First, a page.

Obituary: Jeff Hanneman

Slayer guitarist Jeff Hanneman, who died this week at the age of 49, will be remembered as one of the pioneering greats of metal music. His contribution to metal has stretched beyond that of most musicians because of his trailblazing work in thrash metal, creating a unique style of blistering riffage and an uncompromising assortment of powerful, war-torn lyrics. Without a doubt, Hanneman’s legacy will continue to inspire and captivate generations down the line for years to come.

slayer                                             

Born and raised in California, Hanneman grew up with a loving family who had a strong military background; his brothers fought in Vietnam whilst in the ‘40s his father fought at Normandy in World War II. It was these very topics of war and his passion collecting WWII memorabilia that would not only lay the groundwork for classic Slayer albums such as ‘Reign In Blood’ and ‘Seasons in the Abyss’, but it would also go on to provide a thematic centrepiece for future thrash metal bands, further solidifying the identity of the aggressively-charged metal genre.

Hanneman has been described as a ‘guitar god’ and his influence on the development of metal is undeniably massive. The US guitarist co-founded Slayer in 1981 with fellow guitarist Kerry King and was joined by drummer Dave Lombardo and vocalist Tom Araya after he got a taste for the furiousness of hardcore and punk music in his teens. His love for it would give Slayer a speedier edge, ultimately creating a new beast of metal with hellish consequences both in the studio and on the stage.

In 1983, Hanneman got his break with Slayer when they signed to MetalBlade Records, releasing debut album ‘Show No Mercy’, though the band had to finance the release themselves. The following year, sales of the record rocketed and it became MetalBlade’s highest selling release at the time, giving the band a significant financial boost and thus, the tools they needed to carve a follow-up album with better equipment and superior production.

Slayer truly established themselves as a vessel of metallic fury when they signed with Def Jam mid-‘80s. With the help of producer Rick Rubin, the quartet conjured the unstoppable ‘Reign In Blood’ album in 1986, most of which was written by Hanneman. Arguably, he penned the most recognisable thrash song of all time with the album’s opener ‘Angel of Death’. However, their success didn’t come without drawbacks; their sensitive historic themes tackled the horrifying abominable experimentations and human rights violations of Nazi physician Josef Mengele, which in turn led to Hanneman receiving false allegations of Nazism in the years to come.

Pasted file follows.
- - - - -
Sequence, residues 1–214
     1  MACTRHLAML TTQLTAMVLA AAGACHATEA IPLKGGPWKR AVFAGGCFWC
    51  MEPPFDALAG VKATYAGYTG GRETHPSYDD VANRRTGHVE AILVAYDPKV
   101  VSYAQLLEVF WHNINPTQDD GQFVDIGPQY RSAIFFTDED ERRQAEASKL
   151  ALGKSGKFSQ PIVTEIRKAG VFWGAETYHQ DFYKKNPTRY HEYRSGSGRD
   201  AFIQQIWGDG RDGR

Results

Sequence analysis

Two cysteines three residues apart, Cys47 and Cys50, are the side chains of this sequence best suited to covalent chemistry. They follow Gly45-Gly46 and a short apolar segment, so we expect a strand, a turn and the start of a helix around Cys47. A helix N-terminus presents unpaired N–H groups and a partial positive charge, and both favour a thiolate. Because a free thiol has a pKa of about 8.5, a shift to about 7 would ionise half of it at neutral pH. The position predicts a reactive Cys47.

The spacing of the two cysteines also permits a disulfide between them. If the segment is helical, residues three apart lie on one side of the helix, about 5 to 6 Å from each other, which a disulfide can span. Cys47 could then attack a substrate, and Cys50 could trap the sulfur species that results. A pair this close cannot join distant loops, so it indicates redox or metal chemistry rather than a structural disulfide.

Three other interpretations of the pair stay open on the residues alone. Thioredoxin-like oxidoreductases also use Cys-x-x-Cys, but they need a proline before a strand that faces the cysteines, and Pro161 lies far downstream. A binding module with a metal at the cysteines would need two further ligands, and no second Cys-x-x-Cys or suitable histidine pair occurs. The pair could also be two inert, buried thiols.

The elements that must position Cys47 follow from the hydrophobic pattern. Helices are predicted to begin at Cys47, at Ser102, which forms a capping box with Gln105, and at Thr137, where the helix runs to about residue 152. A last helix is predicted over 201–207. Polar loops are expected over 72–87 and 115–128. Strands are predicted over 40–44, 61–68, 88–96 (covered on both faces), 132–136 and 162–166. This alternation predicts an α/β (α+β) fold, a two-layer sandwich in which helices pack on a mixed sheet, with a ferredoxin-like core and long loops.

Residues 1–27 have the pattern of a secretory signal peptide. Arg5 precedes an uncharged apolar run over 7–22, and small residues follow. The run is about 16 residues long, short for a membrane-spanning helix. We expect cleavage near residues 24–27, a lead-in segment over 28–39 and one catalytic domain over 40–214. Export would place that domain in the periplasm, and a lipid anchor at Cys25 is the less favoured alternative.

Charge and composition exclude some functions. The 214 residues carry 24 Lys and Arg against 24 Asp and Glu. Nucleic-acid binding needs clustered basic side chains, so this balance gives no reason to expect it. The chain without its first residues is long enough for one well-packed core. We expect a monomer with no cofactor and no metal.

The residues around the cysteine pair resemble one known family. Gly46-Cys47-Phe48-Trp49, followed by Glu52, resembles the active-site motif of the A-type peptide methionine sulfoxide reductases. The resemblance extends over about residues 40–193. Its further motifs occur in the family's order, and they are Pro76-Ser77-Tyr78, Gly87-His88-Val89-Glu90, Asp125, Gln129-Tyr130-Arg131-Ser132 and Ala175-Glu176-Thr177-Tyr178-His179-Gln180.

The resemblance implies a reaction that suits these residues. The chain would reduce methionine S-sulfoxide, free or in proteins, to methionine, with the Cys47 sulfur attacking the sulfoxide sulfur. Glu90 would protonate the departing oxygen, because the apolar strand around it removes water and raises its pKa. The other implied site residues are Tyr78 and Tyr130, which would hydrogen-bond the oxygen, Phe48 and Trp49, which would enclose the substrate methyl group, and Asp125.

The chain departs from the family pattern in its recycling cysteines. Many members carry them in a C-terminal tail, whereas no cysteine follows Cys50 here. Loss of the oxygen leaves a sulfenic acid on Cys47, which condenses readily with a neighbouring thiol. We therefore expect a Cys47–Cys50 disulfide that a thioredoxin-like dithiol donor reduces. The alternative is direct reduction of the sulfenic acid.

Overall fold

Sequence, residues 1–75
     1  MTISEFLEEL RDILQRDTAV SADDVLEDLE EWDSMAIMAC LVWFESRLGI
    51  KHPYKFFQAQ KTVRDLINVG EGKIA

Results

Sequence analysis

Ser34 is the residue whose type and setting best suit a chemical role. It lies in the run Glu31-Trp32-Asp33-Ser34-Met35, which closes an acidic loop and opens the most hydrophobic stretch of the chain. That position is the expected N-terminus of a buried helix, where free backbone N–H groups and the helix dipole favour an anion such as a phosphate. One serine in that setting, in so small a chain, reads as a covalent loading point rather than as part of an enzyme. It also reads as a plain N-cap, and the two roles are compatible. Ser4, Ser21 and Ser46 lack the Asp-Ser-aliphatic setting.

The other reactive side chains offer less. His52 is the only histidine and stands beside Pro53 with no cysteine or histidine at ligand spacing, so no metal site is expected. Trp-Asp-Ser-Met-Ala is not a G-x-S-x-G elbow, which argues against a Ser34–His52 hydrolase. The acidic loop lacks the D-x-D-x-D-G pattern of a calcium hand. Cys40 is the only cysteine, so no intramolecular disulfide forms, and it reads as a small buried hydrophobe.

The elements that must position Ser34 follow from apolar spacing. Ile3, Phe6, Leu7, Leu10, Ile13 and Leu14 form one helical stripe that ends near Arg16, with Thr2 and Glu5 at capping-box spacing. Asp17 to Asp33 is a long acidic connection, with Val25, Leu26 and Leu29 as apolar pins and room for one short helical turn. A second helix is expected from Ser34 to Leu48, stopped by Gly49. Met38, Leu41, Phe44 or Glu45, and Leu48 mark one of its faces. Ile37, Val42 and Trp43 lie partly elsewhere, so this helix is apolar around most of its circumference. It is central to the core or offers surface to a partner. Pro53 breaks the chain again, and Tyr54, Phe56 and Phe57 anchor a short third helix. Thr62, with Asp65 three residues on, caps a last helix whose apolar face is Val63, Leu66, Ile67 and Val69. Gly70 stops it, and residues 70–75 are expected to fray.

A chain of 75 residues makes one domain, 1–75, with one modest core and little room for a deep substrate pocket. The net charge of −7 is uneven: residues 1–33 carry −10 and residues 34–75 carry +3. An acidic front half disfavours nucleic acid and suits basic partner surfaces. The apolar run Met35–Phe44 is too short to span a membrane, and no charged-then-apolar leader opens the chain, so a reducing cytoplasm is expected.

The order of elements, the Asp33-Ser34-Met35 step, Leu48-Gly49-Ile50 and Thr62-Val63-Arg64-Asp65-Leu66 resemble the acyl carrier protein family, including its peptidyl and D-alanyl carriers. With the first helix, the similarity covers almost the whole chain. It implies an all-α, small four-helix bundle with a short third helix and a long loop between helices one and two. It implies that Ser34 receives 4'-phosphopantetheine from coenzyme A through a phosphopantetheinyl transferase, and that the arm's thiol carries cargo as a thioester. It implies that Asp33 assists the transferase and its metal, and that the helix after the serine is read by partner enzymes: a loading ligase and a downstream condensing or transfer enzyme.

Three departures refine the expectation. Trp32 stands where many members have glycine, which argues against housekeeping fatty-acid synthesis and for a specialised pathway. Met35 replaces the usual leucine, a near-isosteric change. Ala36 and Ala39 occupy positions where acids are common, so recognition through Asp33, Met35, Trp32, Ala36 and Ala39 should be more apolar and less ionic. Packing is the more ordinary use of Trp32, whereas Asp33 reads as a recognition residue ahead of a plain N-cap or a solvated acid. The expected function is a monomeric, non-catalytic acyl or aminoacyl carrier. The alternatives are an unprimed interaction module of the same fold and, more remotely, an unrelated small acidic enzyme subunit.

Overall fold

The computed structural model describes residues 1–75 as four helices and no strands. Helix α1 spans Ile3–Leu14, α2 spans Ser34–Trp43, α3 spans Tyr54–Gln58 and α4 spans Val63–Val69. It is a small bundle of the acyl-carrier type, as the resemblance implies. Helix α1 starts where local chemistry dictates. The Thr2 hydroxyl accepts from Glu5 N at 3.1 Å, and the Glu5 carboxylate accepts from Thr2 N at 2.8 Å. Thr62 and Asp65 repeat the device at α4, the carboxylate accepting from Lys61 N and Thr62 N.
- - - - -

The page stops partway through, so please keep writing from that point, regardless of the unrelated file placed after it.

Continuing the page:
Nevertheless, the band prospered musically and commercially and by the beginning of the ‘90s they began to be known as one of the ‘Big Four’ of thrash metal, joining fellow Bay Area-based thrashers Anthrax, Metallica and Megadeth in the prestigious titling. Slayer could do what they want with increased artistic freedom, and that’s exactly what they did when they experimented with distinctly crossover sounds on raging 1996 album ‘Undisputed Attitude’, allowing Hanneman to revisit his punk roots once again. However, other experimentations didn’t end so well; 1998’s ‘Diabolus in Music’ received a critical panning and fan backlash after the band’s tinkering with the nu metal style.

Hanneman would continue to play pummelling live shows and create brutal thrash with Slayer in the years leading to his death. Huge shows with the Big Four across the world revealed that the band were going through a golden era of performance while in the studio, they weren’t short on inspirations either, with last album ‘World Painted Blood’ showing that Hanneman’s unrelenting appetite for speed was as big as ever.

Throughout the development of metal, it’s clear that things would have been different if it weren’t for Hanneman’s style. He essentially brought his punk roots to metal with a unique style of riffing that stretched audio boundaries at the time and later went on to lay the foundations of thrash metal alongside other peers and pioneers in the Bay Area. He has heavily influenced innumerable bands across the planet and that’s down to his writing prowess and riffing power.

It’s understood that Hanneman was bitten by a spider in early 2011, contracting necrotising fasciitis  – a flesh eating disease which forced him to opt out of the band’s activities for a while. Hanneman made a brief return to Slayer in April 2012 for a show in California, but his condition worsened the following month and it was rumoured that he may have to have his arm amputated as a result of the disease. He had numerous operations to remove dead tissue on his arm in the hope he’d make a full recovery. Unfortunately, Hanneman died from liver failure as a result of alcoholism in a local Los Angeles hospital on Thursday 2nd May, at 11am. He survived by his wife Kathy, his sister Kathy and his brothers Michael and Larry.

Initially published at SoundShock Webzine:
soundshock.com/index.php/feature-band-interviews/4899-obituary-jeff-hanneman-1964-2013

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